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Why we’re right to get swept up in Ben Stokes’ brilliance – Lawrence Booth

Lawrence Booth by Lawrence Booth
@the_topspin 6 minute read

Wisden Cricketers’ Almanack editor Lawrence Booth explores the heady immediate reaction to an all-time great innings.

Was it the ramp for six off Pat Cummins that did it for you? Or the reverse-mow off Nathan Lyon? Maybe it was the treatment of a low full-toss from Josh Hazlewood, paddled into the Western Terrace as if wiping crumbs from the table.

Arguably, the shot of the innings came with 13 needed. Ben Stokes had just bisected the leg-side boundary riders with a pull for four off Cummins, who was suddenly looking like cannon fodder after spending most of the Test doing a passable impression of Dennis Lillee.

The next delivery was short of a length. But Stokes was now seeing it like the huge inflatable water-melon Jofra Archer had thrown back into the crowd to raucous cheers 48 hours earlier. He stood tall, stayed on the back foot, and battered it past the bowler. Long-on and long-off had no chance.

Up in the commentary box, Ricky Ponting marvelled at the power of the stroke. As compliments go, that’s like being praised by Greta Thunberg for your up-cycling skills.

I write all this tentatively, because it seems that excited praise, penned in the heat of the moment with a deadline looming and thousands of fans leaping around and players on the verge of tears and an Ashes alive and kicking… it seems this is a dangerous business. To adapt an old saw for a new age, outrage can travel halfway round the world while a compliment is still putting its pants on.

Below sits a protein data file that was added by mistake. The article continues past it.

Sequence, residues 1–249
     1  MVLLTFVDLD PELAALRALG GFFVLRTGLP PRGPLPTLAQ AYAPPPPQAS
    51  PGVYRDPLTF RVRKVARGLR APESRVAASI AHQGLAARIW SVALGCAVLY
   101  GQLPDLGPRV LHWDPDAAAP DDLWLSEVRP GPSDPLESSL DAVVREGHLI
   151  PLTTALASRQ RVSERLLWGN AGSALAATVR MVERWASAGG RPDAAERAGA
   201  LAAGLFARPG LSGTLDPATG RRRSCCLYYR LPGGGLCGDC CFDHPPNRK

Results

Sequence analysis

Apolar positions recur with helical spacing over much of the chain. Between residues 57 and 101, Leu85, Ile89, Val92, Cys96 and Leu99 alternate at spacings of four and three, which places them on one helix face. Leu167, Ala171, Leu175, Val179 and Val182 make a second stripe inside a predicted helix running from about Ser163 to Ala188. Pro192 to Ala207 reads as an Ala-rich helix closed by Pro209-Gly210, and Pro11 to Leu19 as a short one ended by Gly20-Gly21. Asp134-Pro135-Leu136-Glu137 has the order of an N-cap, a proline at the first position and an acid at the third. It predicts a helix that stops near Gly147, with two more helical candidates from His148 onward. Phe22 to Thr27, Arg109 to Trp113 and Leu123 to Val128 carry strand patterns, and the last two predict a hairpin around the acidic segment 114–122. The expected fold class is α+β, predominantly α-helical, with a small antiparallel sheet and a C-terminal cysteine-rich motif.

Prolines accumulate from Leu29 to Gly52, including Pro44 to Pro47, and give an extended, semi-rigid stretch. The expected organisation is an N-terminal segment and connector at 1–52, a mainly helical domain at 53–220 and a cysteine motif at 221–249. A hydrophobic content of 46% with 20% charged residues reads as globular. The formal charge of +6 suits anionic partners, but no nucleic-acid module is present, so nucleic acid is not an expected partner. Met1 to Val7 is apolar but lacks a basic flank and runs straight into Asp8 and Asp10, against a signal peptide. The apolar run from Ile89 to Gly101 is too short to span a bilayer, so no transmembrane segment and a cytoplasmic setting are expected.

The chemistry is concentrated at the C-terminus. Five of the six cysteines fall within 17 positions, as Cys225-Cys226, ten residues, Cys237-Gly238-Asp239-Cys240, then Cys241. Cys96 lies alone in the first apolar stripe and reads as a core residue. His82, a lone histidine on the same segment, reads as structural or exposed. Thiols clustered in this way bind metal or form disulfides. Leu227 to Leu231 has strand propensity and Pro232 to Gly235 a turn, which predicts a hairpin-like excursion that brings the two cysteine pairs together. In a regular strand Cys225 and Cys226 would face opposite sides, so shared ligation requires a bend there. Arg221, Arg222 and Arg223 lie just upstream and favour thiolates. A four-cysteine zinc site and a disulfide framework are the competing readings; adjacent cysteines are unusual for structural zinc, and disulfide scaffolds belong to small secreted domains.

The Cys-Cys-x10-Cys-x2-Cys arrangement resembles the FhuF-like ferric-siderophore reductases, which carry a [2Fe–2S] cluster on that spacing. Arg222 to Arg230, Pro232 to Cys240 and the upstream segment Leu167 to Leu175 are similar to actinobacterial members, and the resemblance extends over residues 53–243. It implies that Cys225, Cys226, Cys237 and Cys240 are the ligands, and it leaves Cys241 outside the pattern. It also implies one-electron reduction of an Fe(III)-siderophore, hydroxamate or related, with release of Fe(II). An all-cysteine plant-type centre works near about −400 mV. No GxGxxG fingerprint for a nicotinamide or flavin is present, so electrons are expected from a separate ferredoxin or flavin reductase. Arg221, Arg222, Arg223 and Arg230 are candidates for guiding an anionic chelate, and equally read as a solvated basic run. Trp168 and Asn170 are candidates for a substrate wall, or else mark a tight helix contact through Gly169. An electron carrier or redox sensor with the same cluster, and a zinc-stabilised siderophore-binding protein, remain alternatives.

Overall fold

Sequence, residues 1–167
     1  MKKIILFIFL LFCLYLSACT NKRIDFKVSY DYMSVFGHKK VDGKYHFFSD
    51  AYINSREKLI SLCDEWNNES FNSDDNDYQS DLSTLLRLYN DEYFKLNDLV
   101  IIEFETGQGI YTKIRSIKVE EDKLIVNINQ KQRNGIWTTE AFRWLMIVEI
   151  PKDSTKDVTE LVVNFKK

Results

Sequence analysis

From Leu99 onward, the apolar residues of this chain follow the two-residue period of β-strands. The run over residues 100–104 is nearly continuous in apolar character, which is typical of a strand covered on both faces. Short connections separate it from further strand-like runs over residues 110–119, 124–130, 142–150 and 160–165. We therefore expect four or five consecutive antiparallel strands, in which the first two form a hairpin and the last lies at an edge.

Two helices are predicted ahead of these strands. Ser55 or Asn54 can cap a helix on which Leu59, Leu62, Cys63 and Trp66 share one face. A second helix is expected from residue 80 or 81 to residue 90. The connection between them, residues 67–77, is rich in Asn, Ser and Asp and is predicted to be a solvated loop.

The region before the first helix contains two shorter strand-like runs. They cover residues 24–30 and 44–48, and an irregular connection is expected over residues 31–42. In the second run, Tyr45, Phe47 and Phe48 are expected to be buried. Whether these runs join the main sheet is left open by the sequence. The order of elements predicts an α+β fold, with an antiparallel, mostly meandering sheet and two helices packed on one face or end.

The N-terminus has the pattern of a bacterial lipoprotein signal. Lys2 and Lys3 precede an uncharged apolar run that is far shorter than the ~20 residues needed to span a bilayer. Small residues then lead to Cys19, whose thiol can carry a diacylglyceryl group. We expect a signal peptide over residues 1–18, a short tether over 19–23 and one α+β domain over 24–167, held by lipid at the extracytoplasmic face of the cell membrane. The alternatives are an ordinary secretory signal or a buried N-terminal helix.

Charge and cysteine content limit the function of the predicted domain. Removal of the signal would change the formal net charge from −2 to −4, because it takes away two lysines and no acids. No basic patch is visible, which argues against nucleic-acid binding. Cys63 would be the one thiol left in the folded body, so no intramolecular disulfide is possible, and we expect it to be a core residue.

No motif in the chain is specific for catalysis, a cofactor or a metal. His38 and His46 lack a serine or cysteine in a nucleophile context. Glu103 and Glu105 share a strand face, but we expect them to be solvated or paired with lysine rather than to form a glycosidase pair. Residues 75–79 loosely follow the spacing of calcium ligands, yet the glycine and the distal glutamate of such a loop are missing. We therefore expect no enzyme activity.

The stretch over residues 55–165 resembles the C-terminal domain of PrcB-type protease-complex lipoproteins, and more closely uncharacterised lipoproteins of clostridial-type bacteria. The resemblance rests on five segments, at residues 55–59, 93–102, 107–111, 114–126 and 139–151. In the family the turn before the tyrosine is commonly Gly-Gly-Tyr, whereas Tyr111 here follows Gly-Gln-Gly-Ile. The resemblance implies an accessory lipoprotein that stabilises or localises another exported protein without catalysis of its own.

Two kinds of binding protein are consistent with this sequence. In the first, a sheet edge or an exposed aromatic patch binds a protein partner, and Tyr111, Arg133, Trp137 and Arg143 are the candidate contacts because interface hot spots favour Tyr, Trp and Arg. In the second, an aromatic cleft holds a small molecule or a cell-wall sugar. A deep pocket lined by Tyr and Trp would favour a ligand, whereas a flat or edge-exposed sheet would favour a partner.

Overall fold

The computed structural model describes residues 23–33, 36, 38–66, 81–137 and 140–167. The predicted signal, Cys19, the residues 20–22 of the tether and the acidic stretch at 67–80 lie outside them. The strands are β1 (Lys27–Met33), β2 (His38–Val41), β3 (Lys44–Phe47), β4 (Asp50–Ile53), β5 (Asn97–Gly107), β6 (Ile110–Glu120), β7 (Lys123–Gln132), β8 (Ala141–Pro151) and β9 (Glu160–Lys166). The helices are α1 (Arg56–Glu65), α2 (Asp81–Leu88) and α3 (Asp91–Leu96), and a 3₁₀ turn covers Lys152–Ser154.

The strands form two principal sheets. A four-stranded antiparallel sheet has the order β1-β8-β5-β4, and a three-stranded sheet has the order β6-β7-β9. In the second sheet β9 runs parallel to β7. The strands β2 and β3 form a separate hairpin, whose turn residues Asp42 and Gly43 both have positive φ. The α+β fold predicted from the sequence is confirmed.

In the case of Stokes’s once-in-a-lifetime 135 not out, the outrage didn’t take long. How, they wondered, could Stokes have played the greatest innings of all time when Kusal Perera had, not six months earlier, hit 153 not out to help Sri Lanka stun South Africa in Durban? Then there was the headline in one Australian newspaper: ‘Ben Stokes was out, so 3rd Test heroics should not have counted’.

It felt like a throwback to the World Cup final, when the joy in England and the magnanimity in New Zealand were drowned out by whinges from Australia and India, two countries with no skin in the game (except profound irritation that England had lifted the trophy).

Here’s the thing. At the moment it happened, England’s World Cup win felt like the greatest miracle any sport had ever seen, and it was written up accordingly, by dozens of journalists who had about five minutes to try to make any kind of sense of it all, which wasn’t easy with sweaty palms and pounding hearts.

And at the moment Stokes whacked Cummins through cover – what a shot, by the way – that too felt like the culmination of the greatest Test innings most of us could remember.

Immediacy does funny things to the mind: evolutionary scientists say we’re more hard-wired to react to the rustle in a nearby bush than to the storm on the distant horizon – it’s why climate change gets swept under the carpet. That’s not to belittle Perera, nor to deny that Joel Wilson had a stinker when he ruled Stokes not out to Lyon. It’s just, y’know, to wallow in the emotion of sport.

And wallow we really should. At the risk of coming across all Ashes-centric – and with apologies to Mark Butcher circa 2001 – England fans can now talk about a Headingley innings other than Ian Botham’s. They can ask whether 2019 is beginning to rival 2005. They can wonder where Stokes sits in the pantheon of all-rounders. A few of the lucky ones will even be able to say they were there, and bore their kids and grandkids for years to come.

And you know what? It’s all just a bit of fun. Don’t take these things too seriously, guys. There is plenty of that kind of thing in the real world.

Now, if you’ll excuse me, I’m off to watch the highlights again: I need to decide, as a matter of urgency, whether Lyon’s run-out attempt is above or below Fred Tate’s drop at Old Trafford in 1902 in the list of all-time Ashes gaffes. Be sure to let me know how I get on.

Lawrence Booth is editor of Wisden Cricketers’ Almanack and a cricket writer for the Daily Mail.

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